An inviting cover is the first thing that grabs our attention when on a book-hunting spree! A natural reaction considering that we are all visual creatures. Experts today, therefore believe, that the ‘book cover design’ and not just its content, contributes to enhancing its appeal among buyers. They assert that just like there is a psychology behind advertising, there also exists a psychology behind book cover designs. Knowing what it is helps you stay ahead in the race, considering that giving your book a good cover design, can help attract more buyers! While an oft-repeated saying advises us, not to judge a book by its cover, this is exactly what a majority of on-line and off-line book buyers do… unless of course, the book is a runaway best seller!
Book Buyers Attention Span Is Shrinking
According to available statistics, the average online human attention span in 2013 was just ‘eight seconds,’ even less than that of a goldfish! What’s worse is that, it is continuing to shrink even further! In such a scenario, grabbing the eyes of book lovers on the World Wide Web is proving to be a rather challenging task. Carly DaSilva in the blog: ‘Why You Bought That Book: the Psychology behind Book Hunting,’ discusses this with Peter Hildick-Smith, Founder and CEO – Codex Group, a New York based ‘book-audience research’ company, “It takes two seconds to look at something, and even more so now than maybe thirty years ago. So, it becomes more important. The more information you have, the more important [this] brief communication becomes,” he states. What he implies is, that only the right book cover design, can convince buyers to discover and subsequently investigate your book, despite their initial brief interaction with it.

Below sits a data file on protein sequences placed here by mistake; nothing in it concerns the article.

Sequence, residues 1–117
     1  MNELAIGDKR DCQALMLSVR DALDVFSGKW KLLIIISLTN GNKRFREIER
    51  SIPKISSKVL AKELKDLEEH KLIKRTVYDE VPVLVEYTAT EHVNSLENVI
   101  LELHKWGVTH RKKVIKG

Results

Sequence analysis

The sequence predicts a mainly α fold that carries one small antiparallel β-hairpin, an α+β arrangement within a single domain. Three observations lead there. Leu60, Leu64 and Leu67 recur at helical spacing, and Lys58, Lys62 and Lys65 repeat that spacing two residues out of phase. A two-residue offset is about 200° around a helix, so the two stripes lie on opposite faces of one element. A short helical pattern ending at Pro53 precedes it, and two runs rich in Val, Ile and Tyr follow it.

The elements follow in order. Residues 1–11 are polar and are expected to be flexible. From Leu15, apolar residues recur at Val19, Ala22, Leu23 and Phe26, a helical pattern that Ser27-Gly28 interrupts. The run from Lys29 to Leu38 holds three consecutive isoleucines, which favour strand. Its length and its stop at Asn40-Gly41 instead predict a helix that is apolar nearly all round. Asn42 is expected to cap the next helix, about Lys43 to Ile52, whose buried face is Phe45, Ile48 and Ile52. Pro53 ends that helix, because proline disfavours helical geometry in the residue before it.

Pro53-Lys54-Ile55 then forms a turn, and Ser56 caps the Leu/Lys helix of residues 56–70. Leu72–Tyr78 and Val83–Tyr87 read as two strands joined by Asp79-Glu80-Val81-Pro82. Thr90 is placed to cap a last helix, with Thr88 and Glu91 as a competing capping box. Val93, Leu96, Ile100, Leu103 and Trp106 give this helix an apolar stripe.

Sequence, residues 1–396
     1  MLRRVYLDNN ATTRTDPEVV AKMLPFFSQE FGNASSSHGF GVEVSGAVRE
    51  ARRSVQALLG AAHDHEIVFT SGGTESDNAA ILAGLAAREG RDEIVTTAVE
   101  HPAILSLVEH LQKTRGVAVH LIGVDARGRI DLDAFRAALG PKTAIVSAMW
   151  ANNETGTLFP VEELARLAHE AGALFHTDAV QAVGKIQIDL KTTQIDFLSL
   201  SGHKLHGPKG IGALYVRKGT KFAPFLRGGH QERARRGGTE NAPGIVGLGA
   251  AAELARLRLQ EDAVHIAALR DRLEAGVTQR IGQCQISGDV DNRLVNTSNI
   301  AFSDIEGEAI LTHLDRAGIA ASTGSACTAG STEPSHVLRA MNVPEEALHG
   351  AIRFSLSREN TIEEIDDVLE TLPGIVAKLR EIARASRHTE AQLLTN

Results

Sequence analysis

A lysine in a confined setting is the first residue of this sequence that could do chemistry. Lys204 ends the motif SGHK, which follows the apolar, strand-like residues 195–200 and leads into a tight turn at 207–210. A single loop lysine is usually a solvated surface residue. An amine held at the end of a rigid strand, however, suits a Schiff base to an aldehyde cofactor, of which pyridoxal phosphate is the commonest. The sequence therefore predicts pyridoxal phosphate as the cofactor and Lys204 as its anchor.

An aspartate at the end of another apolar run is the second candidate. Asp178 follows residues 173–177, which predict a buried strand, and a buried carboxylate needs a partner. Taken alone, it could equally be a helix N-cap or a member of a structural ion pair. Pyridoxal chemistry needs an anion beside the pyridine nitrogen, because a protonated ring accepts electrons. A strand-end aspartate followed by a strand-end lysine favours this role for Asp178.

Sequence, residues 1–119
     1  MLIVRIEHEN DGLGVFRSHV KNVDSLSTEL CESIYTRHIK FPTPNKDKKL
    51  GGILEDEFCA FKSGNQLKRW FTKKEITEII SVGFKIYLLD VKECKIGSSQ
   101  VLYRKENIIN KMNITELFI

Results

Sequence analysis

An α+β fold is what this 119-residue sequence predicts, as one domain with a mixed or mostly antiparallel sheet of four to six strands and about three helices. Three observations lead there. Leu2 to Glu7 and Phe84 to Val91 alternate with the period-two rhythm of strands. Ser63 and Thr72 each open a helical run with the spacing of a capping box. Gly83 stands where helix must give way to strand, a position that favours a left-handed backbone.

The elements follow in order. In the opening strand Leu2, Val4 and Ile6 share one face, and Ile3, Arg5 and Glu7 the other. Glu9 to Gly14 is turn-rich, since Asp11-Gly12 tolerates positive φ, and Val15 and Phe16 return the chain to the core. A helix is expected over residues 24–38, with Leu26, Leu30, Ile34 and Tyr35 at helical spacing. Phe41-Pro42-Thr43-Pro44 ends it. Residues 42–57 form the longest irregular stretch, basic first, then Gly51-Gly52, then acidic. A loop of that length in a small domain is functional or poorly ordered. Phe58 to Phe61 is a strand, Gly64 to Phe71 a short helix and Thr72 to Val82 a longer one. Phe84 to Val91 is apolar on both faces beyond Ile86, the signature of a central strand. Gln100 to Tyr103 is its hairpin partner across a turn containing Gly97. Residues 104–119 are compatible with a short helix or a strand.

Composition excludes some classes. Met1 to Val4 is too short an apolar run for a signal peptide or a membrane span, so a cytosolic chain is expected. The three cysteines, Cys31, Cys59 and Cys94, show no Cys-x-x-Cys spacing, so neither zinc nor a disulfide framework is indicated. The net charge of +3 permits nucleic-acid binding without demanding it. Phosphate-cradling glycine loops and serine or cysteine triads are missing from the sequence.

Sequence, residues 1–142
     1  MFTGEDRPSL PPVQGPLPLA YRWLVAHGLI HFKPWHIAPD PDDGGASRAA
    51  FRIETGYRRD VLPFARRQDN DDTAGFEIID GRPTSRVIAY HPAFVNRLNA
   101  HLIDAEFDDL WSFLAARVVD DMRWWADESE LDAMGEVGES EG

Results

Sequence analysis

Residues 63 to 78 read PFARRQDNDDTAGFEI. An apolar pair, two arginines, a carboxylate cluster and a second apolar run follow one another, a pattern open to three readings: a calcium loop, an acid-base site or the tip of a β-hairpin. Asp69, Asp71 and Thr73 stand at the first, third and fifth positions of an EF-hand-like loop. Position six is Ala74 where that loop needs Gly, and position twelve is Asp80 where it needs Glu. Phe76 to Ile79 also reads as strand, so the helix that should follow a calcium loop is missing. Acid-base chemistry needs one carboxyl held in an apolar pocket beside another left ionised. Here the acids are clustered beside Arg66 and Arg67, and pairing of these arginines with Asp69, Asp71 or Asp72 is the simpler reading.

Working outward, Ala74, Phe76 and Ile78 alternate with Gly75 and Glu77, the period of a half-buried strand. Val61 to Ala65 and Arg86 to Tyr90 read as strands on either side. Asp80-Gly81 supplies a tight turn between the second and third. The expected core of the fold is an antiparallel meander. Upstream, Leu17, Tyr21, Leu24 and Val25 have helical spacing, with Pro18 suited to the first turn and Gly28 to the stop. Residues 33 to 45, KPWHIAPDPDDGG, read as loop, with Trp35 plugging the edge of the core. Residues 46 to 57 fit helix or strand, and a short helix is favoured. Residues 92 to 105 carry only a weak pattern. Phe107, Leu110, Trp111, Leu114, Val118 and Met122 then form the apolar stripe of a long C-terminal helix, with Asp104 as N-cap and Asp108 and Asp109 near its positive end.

Using ‘Recognizable Names’ Grabs Buyer Attention
One quick and easy way to grab eyeballs, according to DaSilva, is, including ‘instantly recognizable names’ or ‘book review quotes’ from leading and credible publishing houses, like – ‘The Wall Street Journal’ or ‘The New York Times,’ as part of your book cover design. Rachelle Andujar, Marketing Director – ‘Simon and Schuster’ book publishers in New York, has also worked on campaigns for the likes of Mark Whitaker, Richard Paul Evans and Arnold Schwarzenegger. She admits being ‘instantly drawn to a book with a recognizable name or quote on its cover.’ “You may not know the book,” she concedes, but if you recognize the quoted person, you’re more likely to give the book a chance,” she tells DaSilva.
Book Cover Artwork Is Crucial
Author Mark Rubinstein, writes on huffingtonpost.com about the importance of book cover design and artwork, in capturing buyer imagination. “The cover artwork summons associations in the reader’s mind. It can influence whether or not the potential reader chooses to open the book or look at the inside flap. If shopping online, the cover image may help the reader decide whether or not to check out the “Look Inside” feature for a flavor of the author’s writing. If done well, the artwork captures some vital element of the novel and conveys it in a compelling way…” he states.
Titles Are Telling Aspects of Book Cover Design
Book Titles can be compared to visiting cards, which convey at a glance, what the book is… or may be about! “A title creates anticipation and expectation or, perhaps, disinterest. Often the title is what will determine whether or not someone reads a story,” states Brandi Reissenweber, a writer and trainer. However coming up with an engaging title can take much time, energy and effort. During an interview with ‘The Paris Review,’ Ernest Hemingway–winner of the Nobel Prize in 1954, was asked: “Does the title come to you while you’re in the process of doing the story?” “No, I make a list of titles after I’ve finished the story or the book–sometimes as many as 100. Then I start eliminating them, sometimes all of them,” was his reply. In addition to the title, the typeface in which it is written on the book cover also impacts a book’s visual appeal. According to DaSilva, Charles Brock, Creative Director –‘Face out Studios,’ is someone who gives books their own ‘creative identities.’ He quotes him in his blog, as stating in the context of book cover design. “I think good type choices are very important, and how you use that with an image is very important.”
This article was written by Amanda Pearce, a designer who pays a lot of attention to book cover designs and their suitability to the stories inside.